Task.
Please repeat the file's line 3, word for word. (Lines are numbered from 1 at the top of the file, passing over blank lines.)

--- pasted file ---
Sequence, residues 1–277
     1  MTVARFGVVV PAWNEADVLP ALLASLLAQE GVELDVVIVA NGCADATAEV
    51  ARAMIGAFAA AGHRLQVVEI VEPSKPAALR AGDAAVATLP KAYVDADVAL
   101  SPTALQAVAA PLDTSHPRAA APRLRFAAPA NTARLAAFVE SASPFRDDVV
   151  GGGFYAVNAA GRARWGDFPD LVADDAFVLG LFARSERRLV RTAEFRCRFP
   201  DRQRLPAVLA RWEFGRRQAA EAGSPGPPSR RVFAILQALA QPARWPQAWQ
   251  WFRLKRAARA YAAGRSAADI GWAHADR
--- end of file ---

    51  ARAMIGAFAA AGHRLQVVEI VEPSKPAALR AGDAAVATLP KAYVDADVAL